Not every veterinary student will become a surgeon, but most will perform surgery in their careers.

Virginia-Maryland College of Veterinary Medicine alumnus Justin Ganjei, an accomplished veterinary surgeon in Maryland, offers his expertise to help today’s veterinary students learn proper surgery techniques.

“Surgery is going to be a part of most of their daily lives depending on which route they go,” said Ganjei, '02, DVM '11, the head of minimally invasive surgery and interventional radiology at Veterinary Referral Associates in Gaithersburg, Maryland. “If they go into a surgical residency, then that's all they're going to be doing. But even going into general practice, which a lot of them will do, they’re going to be spaying and neutering and performing some general surgery kind of techniques. So, they need to have exposure to how to do it appropriately, to maximize their success.”

Ganjei is an adjunct assistant professor of small animal surgery and minimally invasive surgery at the veterinary college. He travels from Maryland to Blacksburg on occasion to guide students in surgery labs.

Ganjei became a diplomate of the American College of Veterinary Surgeons in 2017. He performs soft tissue and orthopedic surgery, with a primary focus on minimally invasive surgery, interventional radiology, and pain management. He is known for performing many uncommon procedures, such as laparoscopic adrenalectomy, cholecystectomy (gallbladder removal), thoracoscopic pericardiectomy, lung lobectomy, and vascular ring anomaly correction.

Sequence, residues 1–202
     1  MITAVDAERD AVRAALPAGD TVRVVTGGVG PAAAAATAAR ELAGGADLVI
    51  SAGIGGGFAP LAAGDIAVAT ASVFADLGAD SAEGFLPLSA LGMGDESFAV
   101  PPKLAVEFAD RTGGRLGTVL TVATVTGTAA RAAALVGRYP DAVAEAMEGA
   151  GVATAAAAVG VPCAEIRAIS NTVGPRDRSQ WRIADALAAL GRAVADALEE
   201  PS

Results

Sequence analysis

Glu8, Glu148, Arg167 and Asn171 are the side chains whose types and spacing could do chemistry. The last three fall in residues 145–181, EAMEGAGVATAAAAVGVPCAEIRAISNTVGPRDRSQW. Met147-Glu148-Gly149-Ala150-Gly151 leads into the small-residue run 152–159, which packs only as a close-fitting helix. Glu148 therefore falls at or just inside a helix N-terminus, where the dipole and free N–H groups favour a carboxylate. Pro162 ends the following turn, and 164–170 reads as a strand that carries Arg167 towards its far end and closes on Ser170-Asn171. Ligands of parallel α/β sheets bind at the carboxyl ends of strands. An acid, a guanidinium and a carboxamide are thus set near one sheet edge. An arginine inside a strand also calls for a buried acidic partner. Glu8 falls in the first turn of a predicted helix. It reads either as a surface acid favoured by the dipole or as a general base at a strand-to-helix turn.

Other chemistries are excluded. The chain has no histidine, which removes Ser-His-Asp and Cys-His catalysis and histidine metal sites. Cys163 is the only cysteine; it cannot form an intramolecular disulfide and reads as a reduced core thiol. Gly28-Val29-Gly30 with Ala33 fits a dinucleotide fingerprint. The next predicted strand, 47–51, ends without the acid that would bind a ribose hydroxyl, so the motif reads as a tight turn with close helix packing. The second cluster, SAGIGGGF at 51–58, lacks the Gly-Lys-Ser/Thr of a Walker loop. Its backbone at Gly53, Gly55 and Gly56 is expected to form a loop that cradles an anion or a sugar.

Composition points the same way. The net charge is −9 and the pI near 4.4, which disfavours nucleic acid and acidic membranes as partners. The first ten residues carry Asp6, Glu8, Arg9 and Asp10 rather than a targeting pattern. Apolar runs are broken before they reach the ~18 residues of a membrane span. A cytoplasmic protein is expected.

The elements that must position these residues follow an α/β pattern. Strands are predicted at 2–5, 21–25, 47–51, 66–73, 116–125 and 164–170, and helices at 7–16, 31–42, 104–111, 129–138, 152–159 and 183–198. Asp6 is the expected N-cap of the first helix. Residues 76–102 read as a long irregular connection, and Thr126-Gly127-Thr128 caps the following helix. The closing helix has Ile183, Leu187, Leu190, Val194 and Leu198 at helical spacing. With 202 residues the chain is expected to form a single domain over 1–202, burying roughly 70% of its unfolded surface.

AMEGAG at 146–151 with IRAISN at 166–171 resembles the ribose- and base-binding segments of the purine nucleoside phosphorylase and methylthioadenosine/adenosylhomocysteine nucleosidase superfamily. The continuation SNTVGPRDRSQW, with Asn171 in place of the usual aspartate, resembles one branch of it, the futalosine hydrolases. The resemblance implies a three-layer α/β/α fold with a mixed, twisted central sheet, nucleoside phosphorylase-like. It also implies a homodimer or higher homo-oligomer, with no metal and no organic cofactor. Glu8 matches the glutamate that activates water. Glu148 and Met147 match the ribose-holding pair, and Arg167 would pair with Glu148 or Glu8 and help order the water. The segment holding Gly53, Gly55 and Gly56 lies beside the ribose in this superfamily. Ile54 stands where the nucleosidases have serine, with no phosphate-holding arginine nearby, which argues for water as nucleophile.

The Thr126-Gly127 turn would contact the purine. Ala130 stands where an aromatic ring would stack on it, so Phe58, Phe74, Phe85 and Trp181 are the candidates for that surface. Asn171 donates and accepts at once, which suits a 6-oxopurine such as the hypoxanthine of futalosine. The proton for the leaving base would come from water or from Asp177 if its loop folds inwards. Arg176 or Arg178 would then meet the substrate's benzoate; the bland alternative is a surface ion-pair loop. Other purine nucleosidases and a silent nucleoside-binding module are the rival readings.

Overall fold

Veterinary surgeon teaching students proper veterinary techniques.
In this training lab, Justin Ganjei '02, DVM '11, offers his expertise to help veterinary students learn sterile gowning, gloving and surgery preparation techniques and was conducted in a non-surgical training environment.

While getting things right inside the animal is obviously important in surgery, appearances on the outside matter, too.

“It’s the only thing the owners see,” Ganjei said. “You could do an incredible job in surgery with an amazing, complicated procedure, but have a really ugly incision, and the owners are going to judge that. Animals don't care what they look like, but people do. “

Besides teaching surgery to veterinary college students, Ganjei frequently speaks at national and international veterinary conferences and consults for the Veterinary Information Network. 

But even for an accomplished and widely recognized surgeon like Ganjei, there was a first time. Teaching veterinary students recalls his own first time cutting into animal cadavers. 

“I didn't know I wanted to be a surgeon back then,” Ganjei said. “But it was still fun to have that aspect of things. And, you're nervous. You're excited. You're scared. You're being watched by your professors. And, so, you want to do things right. So, yeah, it brought me back.”

Written by Kevin Myatt, Senior Writer/Editor for the Virginia-Maryland College of Veterinary Medicine.


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